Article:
In 1837, Holmes was appointed to the Boston Dispensary, where he was shocked by the poor hygienic conditions. That year he competed for and won both of the Boylston essay prizes. Wishing to concentrate on research and teaching, he, along with three of his peers, established the Tremont Medical School—which would later merge with Harvard Medical School—above an apothecary shop at 35 Tremont Row in Boston. There, he lectured on pathology, taught the use of microscopes, and supervised dissections of cadavers. He often criticized traditional medical practices and once quipped that if all contemporary Medicine was tossed into the sea "it would be all the better for mankind—and all the worse for the fishes". For the next ten years, he maintained a small and irregular private medical practice, but spent much of his time teaching. He served on the faculty of Dartmouth Medical School from 1838 to 1840, where he was appointed professor of anatomy and physiology. For fourteen weeks each fall, during these years, he traveled to Hanover, New Hampshire, to lecture. He was elected a Fellow of the American Academy of Arts and Sciences in 1838.
On June 15, 1840, Holmes married Amelia Lee Jackson at King's Chapel in Boston. She was the daughter of the Hon. Charles Jackson, formerly Associate Justice of the Massachusetts Supreme Judicial Court, and the niece of James Jackson, the physician with whom Holmes had studied. Judge Jackson gave the couple a house at 8 Montgomery Place, which would be their home for eighteen years. They had three children: Civil War officer and American jurist Oliver Wendell Holmes Jr. (1841–1935), Amelia Jackson Holmes (1843–1889), and Edward Jackson Holmes (1846–1884).
After Holmes resigned his professorship at Dartmouth, he composed a series of three lectures dedicated to exposing medical fallacies, or "quackeries". Adopting a more serious tone than his previous lectures, he took great pains to reveal the false reasoning and misrepresentation of evidence that marked subjects such as "Astrology and Alchemy", his first lecture, and "Medical Delusions of the Past", his second. He deemed homeopathy, the subject of his third lecture, "the pretended science" that was a "mingled mass of perverse ingenuity, of tinsel erudition, of imbecile credulity, and of artful misrepresentation, too often mingled in practice". In 1842, he published the essay "Homeopathy and Its Kindred Delusions" in which he again denounced the practice.
In 1843, Holmes published "The Contagiousness of puerperal fever" in the short-lived publication New England Quarterly Journal of Medicine and Surgery. The essay argued—contrary to popular belief at the time, which predated germ theory of disease—that the cause of puerperal fever, a deadly infection contracted by women during or shortly after childbirth, stems from patient to patient contact via their Physicians. Holmes gathered a large collection of evidence for this theory, including stories of doctors who had become ill and died after performing autopsies on patients who had likewise been infected. In concluding his case, he insisted that a physician in whose practice even one case of puerperal fever had occurred, had a moral obligation to purify his instruments, burn the clothing he had worn while assisting in the fatal delivery, and cease obstetric practice for a period of at least six months. A few years later, Ignaz Semmelweis would reach similar conclusions in Vienna, where his introduction of prophylaxis (handwashing in chlorine solution before assisting at delivery) would considerably lower the puerperal mortality rate.
In 1846, Holmes coined the word "anesthesia". In a letter to dentist william T. G. Morton, the first practitioner to publicly demonstrate the use of ether during surgery, he wrote: "Everybody wants to have a hand in a great discovery. All I will do is to give a hint or two as to names—or the name—to be applied to the state produced and the agent. The state should, I think, be called 'Anaesthesia.' This signifies insensibility—more particularly ... to objects of touch." Holmes predicted his new term "will be repeated by the tongues of every civilized race of mankind."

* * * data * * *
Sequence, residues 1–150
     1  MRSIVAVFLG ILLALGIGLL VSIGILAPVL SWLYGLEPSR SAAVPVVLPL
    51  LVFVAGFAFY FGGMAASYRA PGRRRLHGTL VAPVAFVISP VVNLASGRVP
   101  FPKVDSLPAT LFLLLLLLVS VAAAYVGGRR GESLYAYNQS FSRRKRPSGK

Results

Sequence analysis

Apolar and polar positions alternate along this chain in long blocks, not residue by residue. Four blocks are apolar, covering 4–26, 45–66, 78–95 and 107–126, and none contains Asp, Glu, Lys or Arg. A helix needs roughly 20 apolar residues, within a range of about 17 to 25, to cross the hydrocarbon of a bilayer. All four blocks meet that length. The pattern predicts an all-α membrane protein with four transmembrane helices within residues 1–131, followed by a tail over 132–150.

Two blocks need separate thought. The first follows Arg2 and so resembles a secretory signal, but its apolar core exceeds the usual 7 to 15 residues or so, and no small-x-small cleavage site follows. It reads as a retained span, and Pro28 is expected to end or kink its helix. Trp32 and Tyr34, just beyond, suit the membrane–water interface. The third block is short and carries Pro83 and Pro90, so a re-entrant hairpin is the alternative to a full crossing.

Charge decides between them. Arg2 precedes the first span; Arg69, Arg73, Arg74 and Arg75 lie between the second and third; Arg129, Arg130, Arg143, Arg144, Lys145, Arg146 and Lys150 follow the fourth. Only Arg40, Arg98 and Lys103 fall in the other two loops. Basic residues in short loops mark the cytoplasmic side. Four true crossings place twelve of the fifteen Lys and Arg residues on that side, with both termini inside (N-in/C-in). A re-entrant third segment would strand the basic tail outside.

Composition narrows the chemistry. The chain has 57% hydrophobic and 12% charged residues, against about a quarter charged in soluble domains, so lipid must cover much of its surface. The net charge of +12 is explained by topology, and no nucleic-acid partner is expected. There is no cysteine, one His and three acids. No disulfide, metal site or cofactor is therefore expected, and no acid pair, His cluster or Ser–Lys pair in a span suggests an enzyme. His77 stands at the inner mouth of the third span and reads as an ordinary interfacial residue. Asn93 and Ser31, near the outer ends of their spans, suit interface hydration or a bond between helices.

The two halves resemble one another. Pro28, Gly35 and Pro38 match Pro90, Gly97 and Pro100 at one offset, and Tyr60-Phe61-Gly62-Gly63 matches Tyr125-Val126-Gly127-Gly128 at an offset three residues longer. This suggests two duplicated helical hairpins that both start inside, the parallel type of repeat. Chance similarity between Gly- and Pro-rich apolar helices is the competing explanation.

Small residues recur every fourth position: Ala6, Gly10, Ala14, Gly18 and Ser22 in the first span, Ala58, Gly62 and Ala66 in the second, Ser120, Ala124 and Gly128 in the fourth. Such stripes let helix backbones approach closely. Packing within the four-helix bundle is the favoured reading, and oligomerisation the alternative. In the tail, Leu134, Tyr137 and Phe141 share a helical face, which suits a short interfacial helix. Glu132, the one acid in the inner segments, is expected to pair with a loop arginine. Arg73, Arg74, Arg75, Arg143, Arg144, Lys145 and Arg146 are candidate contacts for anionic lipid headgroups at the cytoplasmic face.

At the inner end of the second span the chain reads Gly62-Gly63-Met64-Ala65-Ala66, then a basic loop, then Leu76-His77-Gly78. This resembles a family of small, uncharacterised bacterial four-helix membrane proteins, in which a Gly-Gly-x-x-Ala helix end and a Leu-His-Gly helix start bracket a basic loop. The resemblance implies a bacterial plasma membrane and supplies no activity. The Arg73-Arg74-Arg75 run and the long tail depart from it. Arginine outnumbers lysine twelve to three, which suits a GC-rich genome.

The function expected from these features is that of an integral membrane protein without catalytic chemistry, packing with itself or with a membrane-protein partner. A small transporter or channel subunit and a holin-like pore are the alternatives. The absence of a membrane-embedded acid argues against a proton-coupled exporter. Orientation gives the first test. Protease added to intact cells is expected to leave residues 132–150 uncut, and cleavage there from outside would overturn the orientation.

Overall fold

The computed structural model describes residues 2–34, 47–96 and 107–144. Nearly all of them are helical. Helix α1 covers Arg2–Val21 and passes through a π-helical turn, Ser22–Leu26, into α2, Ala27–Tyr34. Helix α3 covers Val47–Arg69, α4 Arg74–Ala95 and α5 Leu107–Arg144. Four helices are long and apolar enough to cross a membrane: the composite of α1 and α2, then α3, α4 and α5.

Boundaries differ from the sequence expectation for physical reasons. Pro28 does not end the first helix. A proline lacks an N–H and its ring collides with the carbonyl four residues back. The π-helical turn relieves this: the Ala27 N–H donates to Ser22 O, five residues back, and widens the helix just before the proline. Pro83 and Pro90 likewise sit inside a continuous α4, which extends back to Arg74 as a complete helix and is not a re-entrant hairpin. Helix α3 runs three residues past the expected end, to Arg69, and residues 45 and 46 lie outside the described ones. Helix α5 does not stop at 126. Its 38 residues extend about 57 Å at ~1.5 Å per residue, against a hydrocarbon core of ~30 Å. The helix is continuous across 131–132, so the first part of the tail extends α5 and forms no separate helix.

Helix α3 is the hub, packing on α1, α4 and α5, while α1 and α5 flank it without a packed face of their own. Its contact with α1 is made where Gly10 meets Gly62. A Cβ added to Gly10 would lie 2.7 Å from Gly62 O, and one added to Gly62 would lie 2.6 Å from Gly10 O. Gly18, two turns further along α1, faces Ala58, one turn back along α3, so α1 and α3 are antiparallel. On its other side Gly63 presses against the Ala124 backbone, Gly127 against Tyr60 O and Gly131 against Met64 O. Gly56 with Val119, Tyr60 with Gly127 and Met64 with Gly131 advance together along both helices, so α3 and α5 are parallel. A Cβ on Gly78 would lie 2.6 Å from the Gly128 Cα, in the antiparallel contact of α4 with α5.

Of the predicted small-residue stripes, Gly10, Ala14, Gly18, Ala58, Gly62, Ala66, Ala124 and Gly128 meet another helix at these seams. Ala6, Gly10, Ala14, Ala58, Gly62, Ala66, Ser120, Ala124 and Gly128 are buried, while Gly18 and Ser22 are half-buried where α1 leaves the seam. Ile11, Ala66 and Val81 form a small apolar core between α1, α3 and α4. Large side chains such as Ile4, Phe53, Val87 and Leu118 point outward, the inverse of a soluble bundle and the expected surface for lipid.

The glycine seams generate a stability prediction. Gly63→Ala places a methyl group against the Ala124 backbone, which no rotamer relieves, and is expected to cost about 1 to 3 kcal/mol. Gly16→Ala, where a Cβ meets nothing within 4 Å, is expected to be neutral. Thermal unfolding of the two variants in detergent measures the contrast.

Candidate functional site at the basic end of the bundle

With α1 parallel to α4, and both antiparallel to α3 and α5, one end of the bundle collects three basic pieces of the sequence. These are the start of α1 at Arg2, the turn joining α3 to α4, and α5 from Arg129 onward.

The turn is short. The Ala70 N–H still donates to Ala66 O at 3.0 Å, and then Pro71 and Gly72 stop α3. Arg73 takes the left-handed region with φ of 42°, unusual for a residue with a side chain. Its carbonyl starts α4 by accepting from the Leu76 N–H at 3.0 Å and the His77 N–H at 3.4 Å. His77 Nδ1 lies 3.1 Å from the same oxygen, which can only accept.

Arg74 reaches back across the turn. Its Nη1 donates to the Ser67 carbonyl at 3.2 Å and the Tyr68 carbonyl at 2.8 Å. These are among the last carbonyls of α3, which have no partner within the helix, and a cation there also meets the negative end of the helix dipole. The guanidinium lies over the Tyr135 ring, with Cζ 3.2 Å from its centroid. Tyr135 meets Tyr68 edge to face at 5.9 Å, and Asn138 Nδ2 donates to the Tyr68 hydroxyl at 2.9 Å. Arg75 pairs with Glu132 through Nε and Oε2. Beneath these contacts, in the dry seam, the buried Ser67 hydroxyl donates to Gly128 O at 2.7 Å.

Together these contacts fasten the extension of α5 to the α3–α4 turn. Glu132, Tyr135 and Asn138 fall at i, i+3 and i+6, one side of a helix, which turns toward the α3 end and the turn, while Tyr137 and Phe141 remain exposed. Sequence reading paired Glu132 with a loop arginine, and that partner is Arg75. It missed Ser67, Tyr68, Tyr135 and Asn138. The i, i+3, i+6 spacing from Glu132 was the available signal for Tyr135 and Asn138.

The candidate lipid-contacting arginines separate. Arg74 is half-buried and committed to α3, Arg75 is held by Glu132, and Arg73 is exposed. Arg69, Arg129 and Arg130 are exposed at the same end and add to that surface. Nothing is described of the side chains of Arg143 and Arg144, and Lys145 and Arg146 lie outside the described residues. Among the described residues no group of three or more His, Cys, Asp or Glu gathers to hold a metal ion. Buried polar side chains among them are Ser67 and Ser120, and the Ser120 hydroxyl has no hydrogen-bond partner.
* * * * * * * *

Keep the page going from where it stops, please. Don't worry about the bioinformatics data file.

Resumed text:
In 1847, Holmes was hired as Parkman Professor of Anatomy and Physiology at Harvard Medical School, where he served as dean until 1853 and taught until 1882. Soon after his appointment, Holmes was criticized by the all-male student body for considering granting admission to a woman named Harriot Kezia Hunt. Facing opposition from not only students but also university overseers and other faculty members, she was asked to withdraw her application. Harvard Medical School would not admit a woman until 1945. Holmes's training in Paris led him to teach his students the importance of anatomico-pathological basis of disease, and that "no doctrine of prayer or special providence is to be his excuse for not looking straight at secondary causes." Students were fond of Holmes, to whom they referred as "Uncle Oliver". One teaching assistant recalled: "He enters [the classroom] and is greeted by a mighty shout and stamp of applause. Then silence, and there begins a charming hour of description, analysis, anecdote, harmless pun, which clothes the dry bones with poetic imagery, enlivens a hard and fatiguing day with humor, and brightens to the tired listener the details for difficult though interesting study."
Amelia Holmes inherited $2,000 in 1848, and she and her husband used the money to build a summer house in Pittsfield, Massachusetts. Beginning in July 1849, the family spent "seven blessed summers" there. Having recently given up his private medical practice, Holmes was able to socialize with other literary figures who spent time in The Berkshires; in August 1850, for Example, Holmes spent time with Evert Augustus Duyckinck, Cornelius Mathews, Herman Melville, James Thomas Fields and Nathaniel Hawthorne. Holmes enjoyed measuring the circumference of trees on his property and kept track of the data, writing that he had "a most intense, passionate fondness for trees in general, and have had several romantic attachments to certain trees in particular". The high cost of maintaining their home in Pittsfield caused the Holmes family to sell it in May 1856.